Now as to this specific post .. will transhumanism accomplish some of the life and death defying things? Possibly. But in doing so, the human race will be eradicated. It is this being attached to an organic thing, feeling fear and pleasure (and a little beauty) which makes 'humans' human. Erase even one of the primary components, and you'll have some different sort of automaton.

Humans seem innately death seeking.. in an attempt to be something different than they actually are..and transhumanism is just another form of that instinct.

Kev



posted on Feb, 8 2016 @ 10:26 AM
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originally posted by: Astyanax
a reply to: chr0naut


Sadly, it is inevitable.

I don’t think it’s inevitable. I doubt that it is even feasible.

Three pages of discussion and hardly anyone has expressed reasonable scepticism about the capabilities of this proposed device. Well, count me — as ever — among the unbelievers.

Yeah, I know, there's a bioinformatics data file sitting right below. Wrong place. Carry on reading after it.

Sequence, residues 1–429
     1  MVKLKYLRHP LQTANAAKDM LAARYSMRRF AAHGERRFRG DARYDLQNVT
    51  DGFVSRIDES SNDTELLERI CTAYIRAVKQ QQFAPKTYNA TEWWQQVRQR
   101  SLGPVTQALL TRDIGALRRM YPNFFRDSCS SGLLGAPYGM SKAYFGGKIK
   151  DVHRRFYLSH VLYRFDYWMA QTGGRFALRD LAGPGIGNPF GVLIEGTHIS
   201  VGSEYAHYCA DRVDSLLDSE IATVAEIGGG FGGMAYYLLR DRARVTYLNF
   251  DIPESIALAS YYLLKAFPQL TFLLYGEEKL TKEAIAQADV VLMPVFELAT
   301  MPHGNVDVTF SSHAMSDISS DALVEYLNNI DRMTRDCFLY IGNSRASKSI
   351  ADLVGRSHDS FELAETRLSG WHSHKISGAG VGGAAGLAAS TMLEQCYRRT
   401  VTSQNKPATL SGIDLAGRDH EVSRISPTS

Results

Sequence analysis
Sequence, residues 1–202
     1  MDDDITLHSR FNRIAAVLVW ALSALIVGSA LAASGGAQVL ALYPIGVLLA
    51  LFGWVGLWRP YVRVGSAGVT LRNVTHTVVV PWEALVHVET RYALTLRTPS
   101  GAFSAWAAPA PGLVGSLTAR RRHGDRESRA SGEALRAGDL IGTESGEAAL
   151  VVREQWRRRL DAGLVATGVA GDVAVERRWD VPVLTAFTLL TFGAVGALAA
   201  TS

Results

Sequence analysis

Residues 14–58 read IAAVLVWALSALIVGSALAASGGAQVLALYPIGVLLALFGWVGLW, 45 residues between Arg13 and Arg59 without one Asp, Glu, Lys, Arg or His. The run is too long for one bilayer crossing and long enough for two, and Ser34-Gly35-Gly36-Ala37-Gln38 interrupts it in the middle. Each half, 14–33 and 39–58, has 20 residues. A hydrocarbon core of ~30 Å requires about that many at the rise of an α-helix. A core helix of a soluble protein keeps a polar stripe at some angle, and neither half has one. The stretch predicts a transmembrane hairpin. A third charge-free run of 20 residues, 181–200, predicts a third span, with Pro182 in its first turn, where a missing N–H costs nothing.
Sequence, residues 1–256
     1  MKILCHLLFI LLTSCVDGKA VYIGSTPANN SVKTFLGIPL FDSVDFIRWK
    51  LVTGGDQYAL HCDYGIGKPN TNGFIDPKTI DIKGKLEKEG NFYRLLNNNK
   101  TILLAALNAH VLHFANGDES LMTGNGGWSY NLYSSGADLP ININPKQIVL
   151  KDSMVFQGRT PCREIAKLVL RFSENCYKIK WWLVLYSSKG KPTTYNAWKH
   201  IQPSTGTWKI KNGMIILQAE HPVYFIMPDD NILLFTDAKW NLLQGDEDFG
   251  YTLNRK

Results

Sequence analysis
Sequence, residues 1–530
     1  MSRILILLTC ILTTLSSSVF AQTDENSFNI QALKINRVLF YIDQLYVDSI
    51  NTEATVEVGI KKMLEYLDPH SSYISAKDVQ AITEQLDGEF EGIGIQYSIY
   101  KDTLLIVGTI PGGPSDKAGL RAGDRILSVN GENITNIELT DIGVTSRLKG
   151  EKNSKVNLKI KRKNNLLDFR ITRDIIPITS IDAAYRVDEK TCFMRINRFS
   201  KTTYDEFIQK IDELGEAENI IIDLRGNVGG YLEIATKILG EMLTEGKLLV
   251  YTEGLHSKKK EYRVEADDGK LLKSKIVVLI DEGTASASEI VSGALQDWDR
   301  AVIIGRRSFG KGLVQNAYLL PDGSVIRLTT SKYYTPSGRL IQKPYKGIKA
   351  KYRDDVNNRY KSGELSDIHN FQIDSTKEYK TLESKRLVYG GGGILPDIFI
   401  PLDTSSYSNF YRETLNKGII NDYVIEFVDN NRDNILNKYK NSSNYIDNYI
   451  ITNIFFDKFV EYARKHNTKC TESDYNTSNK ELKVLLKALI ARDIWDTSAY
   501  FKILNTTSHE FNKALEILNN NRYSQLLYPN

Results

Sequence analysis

To work perfectly, this gadget would have to replicate the entire informational content of the brain of its client or host. Anything less is bound to throw the programme off, even if we accept the underlying assumption that we arrive at the questions we ask through some form of internal Bayesian processing.

I don’t believe that is possible.

And if the objective of the research is only to make it work fairly well, then that’s just Google Search in a different box.

I think projects of this kind merely display the pathological side of consumerism as an outlook: gadgets that replace religious myths of the afterlife and divine power. Like the myth of Transhumanism, another screen to hide from us the awful sight of our own mortality.


Take the idea of all these smartphone accessories like fitness bands. Feed their data streams, audio and video into an updated Google search/Siri engine that is 'always on'. Pipe the output into some sort of augmented reality wearable and you have the basic idea.